State Senator and mayoral candidate Rickey Hendon predicts the legal challenges will not only cost the North Sider time and dollars, but will also embolden other white candidates.

"If he does has a residency problem, that's gonna keep the white candidates in the race, because they see him as damaged, and they may be able to keep him on the ballot," said Hendon.

On Friday, presidential advisor David Axelrod, well-known as a Chicago political consultant, downplayed the possibility that an Emanuel candidacy could be derailed by a residency challenge.

"I think the old days where you used technicalities and tricks to try and push your opponents off the ballot is part of the past, and the guys who want to push that are part of the past as well," said Axelrod.

A potential mayoral candidate, Cook County Sheriff Tom Dart, was among hundreds of Cook County Democrats at a gathering Thursday night.

"I really find myself I'm more a candidate who doesn't like to go off and say, 'I promise to do X, Y, and Z,'" said Dart. "I can just say, 'look what I've done,' and it's been stuff that's been heartfelt and productive."

On Friday, 2nd Ward Alderman Bob Fioretti said he felt Emanuel would face candidates who may have stronger connections to the community than the outgoing White House Chief of Staff.

"For a congressman now to come back and think he can run the city - we'll see what happens in February," said Fioretti.

Fioretti said, however, that he does not feel Emanuel's candidacy would be presumptuous.

"I think that the more people that are in this race, the better it is, because we're going to raise the level of debate - how to deal with public safety - how to deal with education," said Fioretti.

Emanuel is expected to return to Chicago during the weekend and begin a "listening tour" in neighborhoods on Monday.

"If he's going on a listening tour, that leads me to believe he's really not in touch with Chicago," said 9th Ward Alderman Anthony Beale Thursday night.

Mayoral contender and City Colleges of Chicago Chairman Gery Chico echoed Beale's sentiment Friday, saying, "I don't have to do a listening tour."

"I think when the people of Chicago have time to weigh the candidates, they will decide I have the strongest qualifications to be mayor of this city and I am really going to work hard for their support," said Chico.

Uncommitted Alderman Tom Tunney, who runs the 44th Ward Democratic organization, looks forward to his former congressman's upcoming "listening tour."

"He has good name recognition, he has the ability to raise money, and I think what he will do and I think what he intends to do is really listen," said Tunney.

Tunney would not speculate Thursday night on whether Emanuel had a better shot in the race than any other possible candidate, saying Emanuel's chances are "as good as anyone else's out there."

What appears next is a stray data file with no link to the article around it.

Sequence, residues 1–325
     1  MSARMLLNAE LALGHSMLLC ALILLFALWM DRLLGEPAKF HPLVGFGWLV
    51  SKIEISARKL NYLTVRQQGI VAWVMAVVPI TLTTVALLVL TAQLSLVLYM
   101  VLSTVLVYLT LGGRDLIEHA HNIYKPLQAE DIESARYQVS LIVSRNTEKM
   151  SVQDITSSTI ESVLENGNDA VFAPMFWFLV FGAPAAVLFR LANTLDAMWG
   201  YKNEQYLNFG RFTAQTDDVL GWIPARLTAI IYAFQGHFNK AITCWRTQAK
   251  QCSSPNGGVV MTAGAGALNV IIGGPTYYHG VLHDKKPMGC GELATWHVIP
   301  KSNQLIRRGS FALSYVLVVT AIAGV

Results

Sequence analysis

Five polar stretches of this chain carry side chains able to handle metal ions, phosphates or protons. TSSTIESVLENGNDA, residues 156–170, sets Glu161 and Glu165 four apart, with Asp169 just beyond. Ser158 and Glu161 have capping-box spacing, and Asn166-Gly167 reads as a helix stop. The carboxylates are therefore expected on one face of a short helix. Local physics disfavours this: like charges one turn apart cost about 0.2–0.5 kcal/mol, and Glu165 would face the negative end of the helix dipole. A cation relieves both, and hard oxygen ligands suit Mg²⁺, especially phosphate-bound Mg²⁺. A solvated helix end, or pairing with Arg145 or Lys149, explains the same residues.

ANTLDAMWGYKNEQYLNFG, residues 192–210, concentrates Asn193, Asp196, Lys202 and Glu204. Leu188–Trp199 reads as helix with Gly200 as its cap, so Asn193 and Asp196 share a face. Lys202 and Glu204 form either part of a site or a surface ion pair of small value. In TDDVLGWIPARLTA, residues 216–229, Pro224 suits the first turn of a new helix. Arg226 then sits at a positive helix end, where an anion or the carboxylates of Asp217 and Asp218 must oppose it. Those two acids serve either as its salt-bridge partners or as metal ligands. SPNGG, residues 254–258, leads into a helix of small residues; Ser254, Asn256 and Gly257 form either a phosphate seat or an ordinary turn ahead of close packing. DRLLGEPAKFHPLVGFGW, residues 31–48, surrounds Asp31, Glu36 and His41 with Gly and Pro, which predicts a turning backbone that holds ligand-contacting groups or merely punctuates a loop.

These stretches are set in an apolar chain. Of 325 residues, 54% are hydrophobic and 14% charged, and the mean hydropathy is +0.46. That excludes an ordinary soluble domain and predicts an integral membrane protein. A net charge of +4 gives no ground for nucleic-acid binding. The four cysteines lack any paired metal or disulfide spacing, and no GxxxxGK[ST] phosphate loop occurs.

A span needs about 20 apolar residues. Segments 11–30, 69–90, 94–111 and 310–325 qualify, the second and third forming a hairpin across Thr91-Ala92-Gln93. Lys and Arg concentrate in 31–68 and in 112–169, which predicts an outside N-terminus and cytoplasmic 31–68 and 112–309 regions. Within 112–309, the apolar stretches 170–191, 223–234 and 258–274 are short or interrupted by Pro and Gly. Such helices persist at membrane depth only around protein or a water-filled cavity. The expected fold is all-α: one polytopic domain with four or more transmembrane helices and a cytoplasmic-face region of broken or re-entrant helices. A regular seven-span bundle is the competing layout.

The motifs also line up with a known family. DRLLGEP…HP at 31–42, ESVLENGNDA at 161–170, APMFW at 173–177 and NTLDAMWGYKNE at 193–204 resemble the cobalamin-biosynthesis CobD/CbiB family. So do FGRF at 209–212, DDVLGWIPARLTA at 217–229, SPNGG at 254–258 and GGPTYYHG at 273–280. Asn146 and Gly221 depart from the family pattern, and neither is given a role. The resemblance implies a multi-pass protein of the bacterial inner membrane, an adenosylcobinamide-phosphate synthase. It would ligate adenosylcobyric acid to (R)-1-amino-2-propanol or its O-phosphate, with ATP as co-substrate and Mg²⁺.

21st Ward Alderman Howard Brookins raised concern over Emanuel's possible lack of support in African-American neighborhoods, but said that it is an obstacle Emanuel may be able to overcome.

"Not only has he not been in the city, but I don't know that he's been anywhere in African-American communities, and so I think he has a tremendous hill to climb as far as we're concerned," said Brookins. "It may not be insurmountable, but he needs to come by us and come by our communities."

Alderman Ed Burke says he cannot remember when Emanuel ever visited his Southwest Side 14th Ward and wonders if just under five months is enough time for any candidate to make a citywide impression.

"Whoever finally decides to get into the race is going to have a short time to link up with the people of Chicago," said Burke.

Emanuel is well-known in political circles for being hard-charging, demanding and aggressive, an approach that may work well in Washington. In Chicago Thursday night, Democrats said Emanuel will not be able to buy or plow his way into the mayor's office.

"People in Chicago really don't know Rahm. He's going to come in here with a lot of money, I'm sure. He's going to try to out-raise every minority candidate. That's something we're going to have to deal with," said Berrios Thursday night. "I think everyone deserves a chance to run, and it shouldn't be the guy with the most money."

The special guest at Thursday night's event, former presidential candidate and former Democratic National Chairman Howard Dean, declined to comment on Emanuel's chances.

"I am not commenting on anybody who is running for mayor of Chicago - that's one I plan to stay out of," said Dean. "That's up to the people in Chicago, and it's not the election that has my attention right this moment."

His focus is on the November 2nd midterms, and even some local powerhouse Democrats like Dick Mell would rather focus on that than the mayor's race.

"I'm more interested in what's going to go on in November 2nd," said Mell Thursday night.